IRELAND - The Irish Business and Employers Confederation (IBEC) has called on the government to implement more radical reforms in public sector pensions, including a cap on contributions.

Suggestions for the reforms put forward by the group state all public servants should be required to contribute towards the cost of funding their retirement benefits, which in the majority of cases are linked to final salary.

In addition, the IBEC has proposed the government set a contribution rate cap, as yet unspecified, after which point public sector employees would have to fund any pension liabilities on an equal basis.

The call for further reforms followed confirmation in the Irish Parliament last week by Brian Cowen, the minister for finance, public sector pension liabilities for 2007 was estimated to have reached €75bn. (See earlier IPE story: Irish public sector pensions hit €75bn)

As a result, the IBEC has warned the government it "must move to cap the escalating cost of public service pensions and introduce more radical reforms", as although civil servants recruited since 1995 have had to make a contribution to their own pension, they have effectively been "reimbursed" for this in the form of a salary increase "fully paid out for by the public purse".

However, Brendan McGinty, director of IBEC, pointed out "most public servants are unaware of the value and cost of their pension scheme and the massive financial investment needed by the government to maintain it".

To combat this, IBEC wants the government to complete and publish a detailed actuarial analysis of the public sector pension liabilities, while to improve awareness about the cost of pensions it has suggested recording an "indicative value" of pension contribution rates onto payslips.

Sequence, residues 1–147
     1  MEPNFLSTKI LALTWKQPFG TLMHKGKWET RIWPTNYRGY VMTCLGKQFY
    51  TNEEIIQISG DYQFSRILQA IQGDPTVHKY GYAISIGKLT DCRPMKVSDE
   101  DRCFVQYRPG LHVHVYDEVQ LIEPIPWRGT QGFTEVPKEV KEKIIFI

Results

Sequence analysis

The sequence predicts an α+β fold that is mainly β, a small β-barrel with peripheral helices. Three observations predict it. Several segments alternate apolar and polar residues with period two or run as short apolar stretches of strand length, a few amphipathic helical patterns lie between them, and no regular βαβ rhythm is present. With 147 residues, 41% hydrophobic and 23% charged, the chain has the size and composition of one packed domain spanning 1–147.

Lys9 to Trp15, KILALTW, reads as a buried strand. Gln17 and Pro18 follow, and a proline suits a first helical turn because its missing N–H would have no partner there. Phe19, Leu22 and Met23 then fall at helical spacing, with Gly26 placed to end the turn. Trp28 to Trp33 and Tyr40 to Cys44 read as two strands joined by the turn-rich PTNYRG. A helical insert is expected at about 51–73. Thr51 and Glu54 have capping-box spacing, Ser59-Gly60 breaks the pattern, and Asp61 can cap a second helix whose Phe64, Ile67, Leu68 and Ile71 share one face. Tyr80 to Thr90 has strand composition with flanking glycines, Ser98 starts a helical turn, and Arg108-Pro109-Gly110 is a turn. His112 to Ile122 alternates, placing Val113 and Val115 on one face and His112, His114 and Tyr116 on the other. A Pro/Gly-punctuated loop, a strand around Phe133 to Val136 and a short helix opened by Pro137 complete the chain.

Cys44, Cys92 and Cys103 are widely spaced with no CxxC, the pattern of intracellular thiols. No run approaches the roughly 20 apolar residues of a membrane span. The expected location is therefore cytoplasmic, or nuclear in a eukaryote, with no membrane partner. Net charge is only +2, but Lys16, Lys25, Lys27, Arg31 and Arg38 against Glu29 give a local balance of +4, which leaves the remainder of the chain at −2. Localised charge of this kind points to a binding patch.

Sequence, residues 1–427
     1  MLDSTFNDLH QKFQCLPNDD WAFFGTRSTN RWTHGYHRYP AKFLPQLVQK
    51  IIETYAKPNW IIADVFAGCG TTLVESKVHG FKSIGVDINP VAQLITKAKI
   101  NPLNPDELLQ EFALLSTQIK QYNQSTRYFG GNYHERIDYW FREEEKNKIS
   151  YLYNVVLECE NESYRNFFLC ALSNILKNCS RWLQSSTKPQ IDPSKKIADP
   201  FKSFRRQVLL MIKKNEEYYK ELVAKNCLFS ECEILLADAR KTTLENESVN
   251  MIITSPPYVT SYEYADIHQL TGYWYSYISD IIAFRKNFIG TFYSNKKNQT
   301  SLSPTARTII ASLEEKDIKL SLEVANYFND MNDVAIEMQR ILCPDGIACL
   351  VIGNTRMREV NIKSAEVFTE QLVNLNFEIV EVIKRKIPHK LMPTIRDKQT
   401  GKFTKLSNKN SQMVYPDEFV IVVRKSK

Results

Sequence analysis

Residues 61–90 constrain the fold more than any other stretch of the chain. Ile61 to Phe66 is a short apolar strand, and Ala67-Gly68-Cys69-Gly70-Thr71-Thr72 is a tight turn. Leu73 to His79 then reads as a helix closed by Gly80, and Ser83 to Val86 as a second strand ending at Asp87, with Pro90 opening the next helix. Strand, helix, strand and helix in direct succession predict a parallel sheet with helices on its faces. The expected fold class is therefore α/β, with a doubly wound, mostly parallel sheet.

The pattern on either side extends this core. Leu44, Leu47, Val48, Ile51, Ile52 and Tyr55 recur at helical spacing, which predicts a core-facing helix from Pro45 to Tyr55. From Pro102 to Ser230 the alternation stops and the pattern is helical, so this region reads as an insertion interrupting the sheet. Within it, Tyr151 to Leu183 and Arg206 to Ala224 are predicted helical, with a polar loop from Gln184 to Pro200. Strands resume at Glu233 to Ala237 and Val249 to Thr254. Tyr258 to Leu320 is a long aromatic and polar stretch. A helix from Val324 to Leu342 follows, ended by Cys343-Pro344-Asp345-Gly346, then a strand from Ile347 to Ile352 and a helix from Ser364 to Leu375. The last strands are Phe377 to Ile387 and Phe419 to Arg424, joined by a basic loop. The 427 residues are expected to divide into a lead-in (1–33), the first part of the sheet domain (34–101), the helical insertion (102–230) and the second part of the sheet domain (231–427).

McGinty said: "The revelation that the state's pension bill in 2007 has soared to €75bn is extremely worrying. This has jumped dramatically from €45bn."

"Despite very modest reforms in recent years, these are a far cry from the reforms introduced in the private sector and about 60% of public sector workers continue to enjoy the more generous pre-1995 pension benefits," he added.

A spokesman from the Department for Finance pointed out the exercise which resulted in the €75bn figure had not been carried out on an annual basis, and is "the only recent set of figures" the department had.

He added: "A figure of €45bn was quoted for 2006. But this figure relates to serving public servants only it does not include pensioners who are already being paid. The 2007 figure of €75bn covers both."

That said, a recent economic survey by the Organisation for Economic Co-operation and Development (OECD) on the state of the Irish economy noted public spending on pensions is "set to rise by more than 6 percentage points of GDP by 2050, more than in most other EU countries".

The report also claimed the current pension system "will become unsustainable as the population ages, even with the resources in the National Pension Reserve Fund", and as a result it will require "substantial changes in the overall composition of public spending, in taxation or in the pension system".

To combat this, the OECD suggested the standard retirement age should be indexed to longevity and an explicit target for the value of the state pension adopted, while the "current approach to up-rating public service pensions in payment should be reconsidered".

It added: "The recent Green Paper on Pensions has outlined options for reform. This should be used as an opportunity to implement a coherent package of measures that would put the system on the right track for the long term."

In response to the economic survey, Cowen said "in view of the present economic climate" he accepted the advice of the OECD on the need for public spending to slow, and the importance of not locking in expensive spending commitments. 

He added: "The rationale for publishing the Green Paper on Pensions last year was to stimulate debate on how to address the challenge of sustainability. The findings of the OECD will be a useful input in that context."
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